Abnormalities in B-mode ultrasound images of the patellar tendon often take place in asymptomatic athletes but it is still not clear if these modifications forego or can predict the development of tendinopathy. Subclinical tendinopathy can be arbitrarily defined as either (1) the presence of light structural changes in B-mode ultrasound images in association with mild neovascularization (determined with Power Doppler images) or (2) the presence of moderate/severe structural changes with or without neovascularization. Up to now, the structural changes and neovascularization of the tendon are evaluated qualitatively by visual inspection of ultrasound images. The aim of this study is to investigate the capability of a quantitative texture-based approach to determine tendon abnormality of “pallapugno” players. B-mode ultrasound images of the patellar tendon were acquired in 14 players and quantitative texture parameters were calculated within a Region of Interest (ROI) of both the non-dominant and the dominant tendon. A total of 90 features were calculated for each ROI, including 6 first-order descriptors, 24 Haralick features, and 60 higher-order spectra and entropy features. These features on the dominant and non-dominant side were used to perform a multivariate linear regression analysis (MANOVA) and our results show that the descriptors can be effectively used to determine tendon abnormality and, more importantly, the occurrence of subclinical tendinopathy. Full article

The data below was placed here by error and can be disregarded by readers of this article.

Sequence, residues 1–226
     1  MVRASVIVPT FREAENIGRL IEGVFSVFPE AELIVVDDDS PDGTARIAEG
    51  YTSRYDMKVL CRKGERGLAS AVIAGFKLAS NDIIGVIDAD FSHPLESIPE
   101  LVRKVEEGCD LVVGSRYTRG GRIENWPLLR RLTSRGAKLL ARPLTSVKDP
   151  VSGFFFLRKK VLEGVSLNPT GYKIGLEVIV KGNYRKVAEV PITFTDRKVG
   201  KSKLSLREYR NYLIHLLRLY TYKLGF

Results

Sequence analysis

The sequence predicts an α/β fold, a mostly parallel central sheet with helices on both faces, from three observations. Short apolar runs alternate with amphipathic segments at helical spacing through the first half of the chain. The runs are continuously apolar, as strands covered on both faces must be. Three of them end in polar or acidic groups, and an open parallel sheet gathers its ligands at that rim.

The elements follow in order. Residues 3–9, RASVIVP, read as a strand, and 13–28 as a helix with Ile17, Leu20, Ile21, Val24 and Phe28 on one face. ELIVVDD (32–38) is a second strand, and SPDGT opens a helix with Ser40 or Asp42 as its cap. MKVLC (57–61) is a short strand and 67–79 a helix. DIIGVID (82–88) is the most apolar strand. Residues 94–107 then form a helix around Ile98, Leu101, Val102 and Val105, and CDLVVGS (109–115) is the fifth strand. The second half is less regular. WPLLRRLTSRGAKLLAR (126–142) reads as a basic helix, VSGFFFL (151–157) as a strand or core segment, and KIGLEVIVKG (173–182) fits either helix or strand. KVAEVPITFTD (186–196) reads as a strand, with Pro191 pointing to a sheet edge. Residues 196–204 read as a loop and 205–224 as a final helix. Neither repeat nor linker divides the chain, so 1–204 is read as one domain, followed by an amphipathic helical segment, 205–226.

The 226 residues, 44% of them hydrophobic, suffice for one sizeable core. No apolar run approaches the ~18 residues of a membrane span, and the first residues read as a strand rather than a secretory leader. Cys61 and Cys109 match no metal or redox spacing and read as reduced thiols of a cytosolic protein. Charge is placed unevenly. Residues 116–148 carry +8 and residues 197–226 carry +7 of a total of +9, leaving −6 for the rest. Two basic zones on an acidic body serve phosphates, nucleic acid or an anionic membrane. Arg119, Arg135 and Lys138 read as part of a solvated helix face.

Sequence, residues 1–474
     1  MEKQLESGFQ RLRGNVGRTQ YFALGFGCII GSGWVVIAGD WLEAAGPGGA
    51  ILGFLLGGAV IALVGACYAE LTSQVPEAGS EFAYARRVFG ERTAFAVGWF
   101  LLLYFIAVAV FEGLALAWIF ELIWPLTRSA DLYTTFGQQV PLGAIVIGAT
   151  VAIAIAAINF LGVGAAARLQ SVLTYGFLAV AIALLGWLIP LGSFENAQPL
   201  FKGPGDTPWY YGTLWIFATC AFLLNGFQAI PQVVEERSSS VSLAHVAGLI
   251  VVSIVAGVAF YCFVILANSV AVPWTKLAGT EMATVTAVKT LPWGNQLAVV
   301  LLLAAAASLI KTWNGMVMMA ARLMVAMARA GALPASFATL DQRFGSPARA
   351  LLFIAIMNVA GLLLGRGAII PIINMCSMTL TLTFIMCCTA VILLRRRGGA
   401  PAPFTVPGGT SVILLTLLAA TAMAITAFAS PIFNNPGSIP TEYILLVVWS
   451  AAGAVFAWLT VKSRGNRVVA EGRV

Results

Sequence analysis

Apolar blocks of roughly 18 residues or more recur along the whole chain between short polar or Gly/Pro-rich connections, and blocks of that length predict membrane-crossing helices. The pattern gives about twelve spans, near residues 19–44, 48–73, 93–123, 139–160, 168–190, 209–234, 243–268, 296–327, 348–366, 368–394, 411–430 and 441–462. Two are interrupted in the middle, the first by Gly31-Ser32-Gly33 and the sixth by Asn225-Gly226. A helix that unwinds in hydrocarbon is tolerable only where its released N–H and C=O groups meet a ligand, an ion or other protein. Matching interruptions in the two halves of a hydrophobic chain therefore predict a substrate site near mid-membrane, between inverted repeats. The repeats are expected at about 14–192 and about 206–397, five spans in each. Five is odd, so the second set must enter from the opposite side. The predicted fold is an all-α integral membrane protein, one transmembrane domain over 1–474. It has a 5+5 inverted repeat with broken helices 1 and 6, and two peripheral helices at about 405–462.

(This article belongs to the Special Issue Ultrasound Elastography)
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Open AccessArticle Ultrasound-Based Liver Stiffness Surveillance in Patients Treated for Chronic Hepatitis B or C
Appl. Sci. 2018, 8(4), 626; https://doi.org/10.3390/app8040626
Received: 9 March 2018 / Revised: 30 March 2018 / Accepted: 30 March 2018 / Published: 17 April 2018
Cited by 1 | PDF Full-text (272 KB) | HTML Full-text | XML Full-text
Abstract
Evolving modes of ultrasound-based elastography have achieved promising validity and reliability for evaluating liver fibrosis. Liver stiffness (LS) is a valuable biomarker for modeling liver disease progression and regression on a continuous noncategorical scale as changes in LS per year or for determining [...] Read more.